I personally am steering clear of the yield farming space completely until it settles down into something more sustainable. You have been warned.
These are not my words but the words of an influential voice in the crypto world, Vitalik Buterin himself, broadcast to the world in a recent tweet. Whether you share his view or not may have something to do with your appetite for yield and the risk that ineluctably goes along with it. The term farming evokes bucolic images that may overshadow the risks that decentralised finance contracts involve.
Innovation in financial markets is no stranger to turbulence: the appetite for Credit Default Swaps (“CDS”) – a new instrument introduced in 1994 by JP Morgan – grew in the early 2000s to reach its peak in 2007, when the notional outstanding stood at over $64tn – as observed by BIS in a recent paper (“The credit default swap market: what a difference a decade makes”; Iñaki Aldasoro, Torsten Ehlers; BIS Quarterly Review, June 2018).
The rate of growth of decentralised finance markets is unprecedented; of course, it is still orders of magnitude smaller than the CDS global market and its size keeps it below the radar of regulators – for now.
It is evident that decentralised finance markets are showing some distortions, just like credit markets did prior to collapsing when for some companies the annual cost of buying credit protection had fallen below the risk premium, effectively generating nearly risk-free returns. Nearly, as CDS investors realised when at the height of the 2008 financial crisis, CDS turned into claims on a plethora of insolvent sellers of credit risk protection.
Returns offered by decentralised finance contracts should price in the risks that these new instruments expose investors to; operational risk and market conduct risk appear to be the key drivers, though methodologies for their quantification are far from developed. Within operational risk, I would include issues ranging from simple software bugs like the one that killed the Dao in 2016 or just a few weeks ago Yam, and fraud and hacks that are perpetrated in the digital assets world. Within conduct risk, I would include the issues of so-called whales, investors that have accumulated substantial holdings of tokens sufficient to manipulate the market.
Compound, for example – a popular market for digital assets credit – is generally referred to as a low-risk investment and yet, even with low volatile assets such as stablecoins, double digits returns have been the norm in the last months.
To paraphrase Buterin’s words, decentralised finance is probably not yet through the all painful phases of the hype cycle.
Another key risk that preoccupies some is money laundering. A smart contract is ultimately an algorithm that, unlike traditional intermediaries, does not insist on ascertaining the source of funds and the identity of investors. Will decentralised finance become the hotspot for money laundering?
Does, for example, Uniswap – a protocol for creating markets of ERC20 tokens – provide an efficient vehicle to transmit value anonymously? An astute criminal would probably find ways to exploit decentralised markets with no more effort compared to that required to exploit formal financial markets. Valuable assets have long been exploited by criminals to launder the proceeds of crime, yet controlling every single human activity where value is exchanged is impractical, if not impossible. There is also a clear trade-off between protecting privacy and fighting money laundering and tax evasion: physical cash is the pre-eminent evidence of it.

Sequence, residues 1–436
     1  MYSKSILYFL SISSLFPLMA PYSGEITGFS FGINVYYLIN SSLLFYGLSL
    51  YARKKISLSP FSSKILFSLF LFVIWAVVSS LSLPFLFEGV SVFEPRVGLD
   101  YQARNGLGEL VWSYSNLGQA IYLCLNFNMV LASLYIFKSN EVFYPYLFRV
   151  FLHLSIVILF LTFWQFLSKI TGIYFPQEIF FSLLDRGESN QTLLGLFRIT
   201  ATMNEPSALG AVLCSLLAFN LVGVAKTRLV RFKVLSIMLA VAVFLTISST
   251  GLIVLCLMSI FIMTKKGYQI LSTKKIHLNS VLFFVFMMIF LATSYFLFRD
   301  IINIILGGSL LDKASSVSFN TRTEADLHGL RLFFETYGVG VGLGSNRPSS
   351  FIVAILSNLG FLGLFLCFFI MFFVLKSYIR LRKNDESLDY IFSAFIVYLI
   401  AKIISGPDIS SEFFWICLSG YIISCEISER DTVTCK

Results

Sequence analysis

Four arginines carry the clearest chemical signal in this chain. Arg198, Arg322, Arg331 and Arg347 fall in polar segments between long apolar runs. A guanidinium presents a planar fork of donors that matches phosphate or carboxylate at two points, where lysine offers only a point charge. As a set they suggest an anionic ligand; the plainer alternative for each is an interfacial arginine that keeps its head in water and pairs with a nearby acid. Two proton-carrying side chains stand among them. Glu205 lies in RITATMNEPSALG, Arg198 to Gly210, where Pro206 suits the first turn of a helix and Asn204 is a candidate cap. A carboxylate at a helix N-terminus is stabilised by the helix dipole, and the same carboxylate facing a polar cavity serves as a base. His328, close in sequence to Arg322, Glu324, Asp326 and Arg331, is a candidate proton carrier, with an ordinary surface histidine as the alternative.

The Financial Action Task Force (FATF) – a global organisation aimed at protecting the global financial system against money laundering and terrorist financing – is well aware of the role that gold, among other non-financial assets, plays in criminal activity. Gold, or better, diamonds – as a wealth-management once confessed to US authorities – is an efficient store of value that can be transported with ease and concealed when needed. Yet the transfer of its value into the formal financial system is still subject to the controls that governments impose on financial intermediaries.
Cryptoassets, the commodities exchanged in decentralised finance markets, present similar challenges in relation to formal financial systems, and an additional burden: the information carried in perpetuity about their previous owner.
A challenge clearly exists with assets that cut across the formal financial sector and decentralised finance markets. Stablecoins, in particular, have seen steady growth since 2017, with their trading volume surpassing that of Bitcoin. Last June the FATF released a “Report to G20 on so-called Stablecoins”. The title of the report provides a clue of the key issue that exists around stablecoins, a commonly agreed definition and exact classification of the different types available to investors.
The FATF together with several regulators around the globe have understandably expressed concerns on global stablecoins with potential mass adoption, preoccupied in particular by the Libra project. Yet it is possible to design stablecoins that are issued by regulated financial intermediaries that not only address the regulatory concern but provide a transparent means of payments to improve efficiency and reduce money laundering risks. Regulated stablecoins are a key enabler that decentralised finance markets require to mature.
Francesco Roda, CRO of Koine, an institutional post-trade service provider for digital assets. For further information please visit https://www.koine.com
Crypto AM: Technically Speaking in association with Zumo Money